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Should We Still Send Missionaries?

By Mark Bates, Mar 21, 2023

As home to dozens of ministries like The Navigators, Compassion International, and Focus on the Family, my city of Colorado Springs is often viewed as a Christian “Mecca.” Yet, even with all the ministries that call her home, the city desperately needs the gospel. Only 25% of the residents attend an evangelical church. While the exact numbers might be different, your community is probably similar. That raises an important question: With such great spiritual needs in our communities, why should we send missionaries across the world? After all, sending cross-cultural missionaries is expensive and inefficient. Wouldn’t it be a better use of our energy and resources to reach the people in our own community than trying to save those across the world?

It is true that our communities need the gospel. We need missionaries who will tell our friends and neighbors about Jesus. The good news is, God already has hundreds of thousands of missionaries in our American communities. They are the members of our churches. The great need is not for more missionaries, but to equip and deploy God’s people to be His witnesses where they already live, work, and play.

Yet, the situation is different in other parts of the world. Here are just three of the reasons why we must continue to send missionaries to other regions of the world.

1. We need missionaries to reach those who have never heard.

Only 0.5% of the people of Japan are Christian. The situation is similar in India, Cambodia, and the countries in the Middle East. Even in England, which is officially a Christian nation, less than 5% attend any church of any kind. In Scotland, the home of Presbyterianism, only 2% of the people are evangelical Christians. Most people in these countries will live their entire lives without ever hearing the truth about Jesus and the hope of the gospel. “How then will they call on him in whom they have not believed? And how are they to believe in him of whom they have never heard? And how are they to hear without someone preaching? And how are they to preach unless they are sent?” (Romans 10:14–15a).

2. We need missionaries to help young churches.

While it is true that sending global missionaries is expensive and seems inefficient, it is highly effective. There were only 9 million Christians in Africa in 1900. By 2000, there were over 335 million. By 2025, that number is expected to double to nearly 700 million. Clearly, missionary evangelism efforts to reach the people of Africa have been effective.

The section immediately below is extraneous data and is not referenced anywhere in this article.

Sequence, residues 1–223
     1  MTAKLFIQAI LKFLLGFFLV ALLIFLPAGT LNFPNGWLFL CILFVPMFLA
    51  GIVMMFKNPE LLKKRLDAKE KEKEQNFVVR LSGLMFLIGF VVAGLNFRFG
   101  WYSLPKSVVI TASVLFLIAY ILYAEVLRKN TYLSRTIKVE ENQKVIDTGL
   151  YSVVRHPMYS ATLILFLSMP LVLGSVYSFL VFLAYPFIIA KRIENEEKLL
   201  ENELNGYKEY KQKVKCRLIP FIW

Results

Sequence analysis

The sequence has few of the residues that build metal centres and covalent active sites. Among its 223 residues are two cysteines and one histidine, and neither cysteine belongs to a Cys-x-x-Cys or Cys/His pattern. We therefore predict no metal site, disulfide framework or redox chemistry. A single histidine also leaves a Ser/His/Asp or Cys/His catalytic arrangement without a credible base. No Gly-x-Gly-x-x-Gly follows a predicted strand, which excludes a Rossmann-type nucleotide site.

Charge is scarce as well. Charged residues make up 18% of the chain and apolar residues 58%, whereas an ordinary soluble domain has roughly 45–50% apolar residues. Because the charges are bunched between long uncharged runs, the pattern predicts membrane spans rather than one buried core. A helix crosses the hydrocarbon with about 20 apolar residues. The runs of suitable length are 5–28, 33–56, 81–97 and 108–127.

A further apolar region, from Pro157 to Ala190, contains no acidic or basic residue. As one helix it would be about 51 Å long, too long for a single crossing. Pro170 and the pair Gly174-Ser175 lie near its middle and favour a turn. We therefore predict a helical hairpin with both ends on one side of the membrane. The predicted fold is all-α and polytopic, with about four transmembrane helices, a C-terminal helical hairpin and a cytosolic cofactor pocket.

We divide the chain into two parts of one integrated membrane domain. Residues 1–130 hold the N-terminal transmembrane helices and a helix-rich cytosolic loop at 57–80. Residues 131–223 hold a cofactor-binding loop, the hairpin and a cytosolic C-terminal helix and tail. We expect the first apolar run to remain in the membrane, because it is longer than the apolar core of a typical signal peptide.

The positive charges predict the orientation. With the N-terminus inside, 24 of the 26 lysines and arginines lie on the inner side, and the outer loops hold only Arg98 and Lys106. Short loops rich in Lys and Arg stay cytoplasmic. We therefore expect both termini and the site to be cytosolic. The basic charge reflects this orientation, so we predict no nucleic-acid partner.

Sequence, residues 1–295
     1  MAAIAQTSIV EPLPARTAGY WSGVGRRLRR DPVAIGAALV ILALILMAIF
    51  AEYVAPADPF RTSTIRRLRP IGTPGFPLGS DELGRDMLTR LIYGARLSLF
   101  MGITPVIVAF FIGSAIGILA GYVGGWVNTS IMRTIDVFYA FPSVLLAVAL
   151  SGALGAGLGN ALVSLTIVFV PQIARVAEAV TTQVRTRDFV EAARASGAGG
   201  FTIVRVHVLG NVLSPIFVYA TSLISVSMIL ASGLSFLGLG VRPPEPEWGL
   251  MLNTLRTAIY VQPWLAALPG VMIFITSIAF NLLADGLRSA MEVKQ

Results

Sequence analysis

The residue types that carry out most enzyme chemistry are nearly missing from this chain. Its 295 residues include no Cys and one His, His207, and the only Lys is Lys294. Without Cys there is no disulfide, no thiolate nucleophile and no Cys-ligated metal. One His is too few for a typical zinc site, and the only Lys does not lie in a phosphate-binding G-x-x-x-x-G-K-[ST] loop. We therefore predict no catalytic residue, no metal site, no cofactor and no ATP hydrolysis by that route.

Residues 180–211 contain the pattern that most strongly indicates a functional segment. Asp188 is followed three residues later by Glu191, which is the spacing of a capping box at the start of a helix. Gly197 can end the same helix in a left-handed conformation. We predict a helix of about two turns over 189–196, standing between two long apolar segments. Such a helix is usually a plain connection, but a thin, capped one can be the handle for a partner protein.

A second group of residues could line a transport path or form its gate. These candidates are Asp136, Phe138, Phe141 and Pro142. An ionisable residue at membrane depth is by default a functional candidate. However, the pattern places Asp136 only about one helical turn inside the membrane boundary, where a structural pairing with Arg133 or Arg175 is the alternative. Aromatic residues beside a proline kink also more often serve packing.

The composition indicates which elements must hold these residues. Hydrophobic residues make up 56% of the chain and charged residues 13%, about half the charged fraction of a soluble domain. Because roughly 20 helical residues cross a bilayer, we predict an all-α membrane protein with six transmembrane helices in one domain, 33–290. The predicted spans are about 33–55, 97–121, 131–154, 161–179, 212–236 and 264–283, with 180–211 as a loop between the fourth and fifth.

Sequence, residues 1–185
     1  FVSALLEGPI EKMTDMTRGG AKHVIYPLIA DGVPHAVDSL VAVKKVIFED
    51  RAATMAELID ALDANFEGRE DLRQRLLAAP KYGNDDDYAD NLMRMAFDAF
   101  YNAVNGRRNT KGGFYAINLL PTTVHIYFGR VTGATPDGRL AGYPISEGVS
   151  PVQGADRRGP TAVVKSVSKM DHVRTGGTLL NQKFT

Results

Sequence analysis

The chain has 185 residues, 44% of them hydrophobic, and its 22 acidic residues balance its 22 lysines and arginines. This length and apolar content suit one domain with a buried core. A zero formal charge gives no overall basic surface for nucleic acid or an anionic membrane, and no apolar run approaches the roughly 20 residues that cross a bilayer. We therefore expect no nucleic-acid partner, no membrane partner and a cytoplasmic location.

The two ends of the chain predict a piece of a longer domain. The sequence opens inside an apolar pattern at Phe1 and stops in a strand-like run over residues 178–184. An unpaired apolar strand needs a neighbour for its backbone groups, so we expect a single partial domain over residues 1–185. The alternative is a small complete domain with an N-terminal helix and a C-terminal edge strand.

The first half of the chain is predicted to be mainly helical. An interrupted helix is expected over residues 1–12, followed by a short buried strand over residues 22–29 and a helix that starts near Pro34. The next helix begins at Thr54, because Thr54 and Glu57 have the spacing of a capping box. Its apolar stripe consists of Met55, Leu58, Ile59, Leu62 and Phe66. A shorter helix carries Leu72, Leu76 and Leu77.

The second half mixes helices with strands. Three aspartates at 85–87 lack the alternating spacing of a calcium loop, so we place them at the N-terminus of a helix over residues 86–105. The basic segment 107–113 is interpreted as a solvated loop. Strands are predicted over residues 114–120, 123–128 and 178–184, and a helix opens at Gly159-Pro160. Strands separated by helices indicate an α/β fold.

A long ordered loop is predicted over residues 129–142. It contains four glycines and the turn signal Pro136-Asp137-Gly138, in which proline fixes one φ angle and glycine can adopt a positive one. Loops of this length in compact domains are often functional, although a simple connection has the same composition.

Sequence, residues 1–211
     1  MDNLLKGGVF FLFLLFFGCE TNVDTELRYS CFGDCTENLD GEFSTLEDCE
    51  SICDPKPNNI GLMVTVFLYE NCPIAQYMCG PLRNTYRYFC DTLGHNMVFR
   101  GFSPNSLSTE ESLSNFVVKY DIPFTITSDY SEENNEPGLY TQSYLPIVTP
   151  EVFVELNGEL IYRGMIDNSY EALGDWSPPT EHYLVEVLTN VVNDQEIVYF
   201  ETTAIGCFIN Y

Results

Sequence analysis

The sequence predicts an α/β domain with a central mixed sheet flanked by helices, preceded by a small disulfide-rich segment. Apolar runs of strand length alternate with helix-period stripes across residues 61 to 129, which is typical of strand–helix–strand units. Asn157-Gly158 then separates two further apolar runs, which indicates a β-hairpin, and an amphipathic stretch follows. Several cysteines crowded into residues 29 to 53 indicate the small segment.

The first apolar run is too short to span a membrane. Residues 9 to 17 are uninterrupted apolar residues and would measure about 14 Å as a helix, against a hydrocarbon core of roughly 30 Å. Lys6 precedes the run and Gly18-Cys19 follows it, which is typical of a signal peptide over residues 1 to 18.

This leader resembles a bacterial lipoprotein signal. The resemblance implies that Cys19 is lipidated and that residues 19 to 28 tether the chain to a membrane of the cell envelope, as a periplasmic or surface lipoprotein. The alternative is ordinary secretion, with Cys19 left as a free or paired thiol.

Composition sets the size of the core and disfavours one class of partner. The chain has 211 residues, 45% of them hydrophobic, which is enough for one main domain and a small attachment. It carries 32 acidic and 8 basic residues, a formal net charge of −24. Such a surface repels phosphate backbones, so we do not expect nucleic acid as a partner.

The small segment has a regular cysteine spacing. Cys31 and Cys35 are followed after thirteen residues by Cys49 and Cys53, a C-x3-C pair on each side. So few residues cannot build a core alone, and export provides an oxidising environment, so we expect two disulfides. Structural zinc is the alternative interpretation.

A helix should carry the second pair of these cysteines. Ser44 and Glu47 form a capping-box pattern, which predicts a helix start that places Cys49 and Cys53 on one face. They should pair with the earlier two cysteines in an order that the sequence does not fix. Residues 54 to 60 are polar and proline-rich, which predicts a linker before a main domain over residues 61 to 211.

Yet, even in the case of Africa, there is still a great need for missionaries. To a large degree, the gospel that is being preached in Africa and other parts of the world is no gospel at all, but man-centered religions of legalism and the prosperity gospel. It is not transforming lives. The theological education is so poor that people have exchanged one form of spiritual bondage for another. As MTW’s International Director for Africa and native Zimbabwean Victor Nakah has noted, the African Church is suffering from a severe lack of discipleship. “If our problem is discipleship, it then means that the best thing the American Church can do to help the African Church is help disciple the leadership of the church,” Victor said. “We need pastors who will come alongside African pastors to disciple and mentor and coach and help mature the leadership of the African Church.

3. We need missionaries to be obedient to God’s mission.

Jesus’ commission to His Church is not merely to make disciples, but to make disciples of all nations (Matthew 28:19–20). God’s mission is to bring salvation to all nations. That means that the gospel must spread from one culture to another culture until it spreads to all cultures. For the gospel to spread from one culture to another culture, someone must leave the comfort of their own people and culture and go to another people and culture. There is no other way to accomplish God’s mission for God’s people than cross-cultural missions.

God’s vision for the world—a vision that one day will be a reality—is that people from every tribe, nation, and tongue will gather to worship Him (Revelation 7:9). Until that vision becomes a reality, it will be the mission of the church to make disciples of all nations. In order to be faithful to this mission, the Church must continue to send and support missionaries.

We have many ways to serve. Browse opportunities at mtw.org/serve.

Mark Bates
Mark Bates is MTW's senior director of U.S. Operations. Mark has a B.A. in Greek from Bryan College and a master's degree from Reformed Theological Seminary. He served as youth and singles pastor at Orangewood PCA in Maitland, Florida. In 1991, Mark and his wife, Tricia, founded University Presbyterian Church in Orlando. From 2007-2021, Mark served as senior pastor of Village Seven PCA in Colorado Springs, Colorado. Mark and Tricia have three daughters.
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